noun Pathology.
the extreme condition caused by lack of oxygen and excess of carbon dioxide in the blood, produced by interference with respiration or insufficient oxygen in the air; suffocation.

1700–10; < Neo-Latin < Greek asphyxía a stopping of the pulse, equivalent to a- a-6 + sphýx(is) pulse + -ia -ia

asphyxial, adjective

asphyxia, asphyxiation. Unabridged
Based on the Random House Dictionary, © Random House, Inc. 2014.
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World English Dictionary
asphyxia (æsˈfɪksɪə)
lack of oxygen in the blood due to restricted respiration; suffocation. If severe enough and prolonged, it causes death
[C18: from New Latin, from Greek asphuxia a stopping of the pulse, from a-1 + sphuxis pulse, from sphuzein to throb]

Collins English Dictionary - Complete & Unabridged 10th Edition
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Word Origin & History

1706, "stoppage of pulse," from Mod.L., from Gk. asphyxia "stopping of the pulse," from a- "not" + sphyzein "to throb." The current sense of "suffocation" is from 1778, but it is a "curious infelicity of etymology" [OED] since victims of suffocation have a pulse for some time after breathing has stopped.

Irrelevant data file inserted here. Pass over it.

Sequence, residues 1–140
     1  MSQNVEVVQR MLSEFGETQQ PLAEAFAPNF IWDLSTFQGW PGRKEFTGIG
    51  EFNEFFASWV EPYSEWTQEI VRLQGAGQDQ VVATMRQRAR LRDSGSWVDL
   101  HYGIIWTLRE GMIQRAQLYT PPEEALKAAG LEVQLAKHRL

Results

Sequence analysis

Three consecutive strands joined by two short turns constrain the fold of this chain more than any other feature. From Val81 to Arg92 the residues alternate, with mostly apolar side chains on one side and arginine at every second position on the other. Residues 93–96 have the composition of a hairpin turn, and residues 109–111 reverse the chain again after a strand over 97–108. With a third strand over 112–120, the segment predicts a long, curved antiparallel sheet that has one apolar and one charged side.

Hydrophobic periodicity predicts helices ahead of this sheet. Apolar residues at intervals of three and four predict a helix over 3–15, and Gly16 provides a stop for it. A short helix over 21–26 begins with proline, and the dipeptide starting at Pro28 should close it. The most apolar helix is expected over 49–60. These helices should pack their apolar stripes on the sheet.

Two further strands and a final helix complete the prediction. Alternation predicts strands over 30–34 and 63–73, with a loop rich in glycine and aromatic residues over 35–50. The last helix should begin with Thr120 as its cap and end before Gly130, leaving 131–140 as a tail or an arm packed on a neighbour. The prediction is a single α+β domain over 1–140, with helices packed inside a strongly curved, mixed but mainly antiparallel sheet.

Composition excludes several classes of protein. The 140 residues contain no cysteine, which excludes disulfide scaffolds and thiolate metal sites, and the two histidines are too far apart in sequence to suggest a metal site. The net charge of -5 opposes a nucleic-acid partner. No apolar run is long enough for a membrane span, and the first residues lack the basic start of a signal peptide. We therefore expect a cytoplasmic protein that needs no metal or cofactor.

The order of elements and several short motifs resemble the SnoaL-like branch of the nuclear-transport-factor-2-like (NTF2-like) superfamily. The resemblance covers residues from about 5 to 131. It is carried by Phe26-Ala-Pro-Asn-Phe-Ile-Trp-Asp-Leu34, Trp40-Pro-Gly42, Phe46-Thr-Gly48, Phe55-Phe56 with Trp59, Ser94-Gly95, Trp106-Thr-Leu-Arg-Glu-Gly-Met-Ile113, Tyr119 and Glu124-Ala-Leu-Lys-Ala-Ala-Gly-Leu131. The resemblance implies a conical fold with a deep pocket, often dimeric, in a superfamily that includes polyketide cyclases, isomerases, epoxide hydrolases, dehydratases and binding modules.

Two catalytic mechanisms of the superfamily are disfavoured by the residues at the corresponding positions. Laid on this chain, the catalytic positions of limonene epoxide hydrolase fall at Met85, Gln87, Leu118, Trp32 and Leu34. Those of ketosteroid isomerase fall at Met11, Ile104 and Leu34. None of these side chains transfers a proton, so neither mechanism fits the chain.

Online Etymology Dictionary, © 2010 Douglas Harper
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American Heritage
Medical Dictionary

asphyxia as·phyx·i·a (ās-fĭk'sē-ə)
A condition in which an extreme decrease in the amount of oxygen in the body accompanied by an increase of carbon dioxide leads to loss of consciousness or death.

The American Heritage® Stedman's Medical Dictionary
Copyright © 2002, 2001, 1995 by Houghton Mifflin Company. Published by Houghton Mifflin Company.
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American Heritage
Science Dictionary
asphyxia   (ās-fĭk'sē-ə)  Pronunciation Key 
A condition characterized by an extreme decrease in the amount of oxygen in the body accompanied by an increase of carbon dioxide, caused by an an inability to breathe. Asphyxia usually results in loss of consciousness and sometimes death.
The American Heritage® Science Dictionary
Copyright © 2002. Published by Houghton Mifflin. All rights reserved.
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Example sentences for asphyxia
Little raised the possibility of asphyxia during birth as a chief cause of the disorder.
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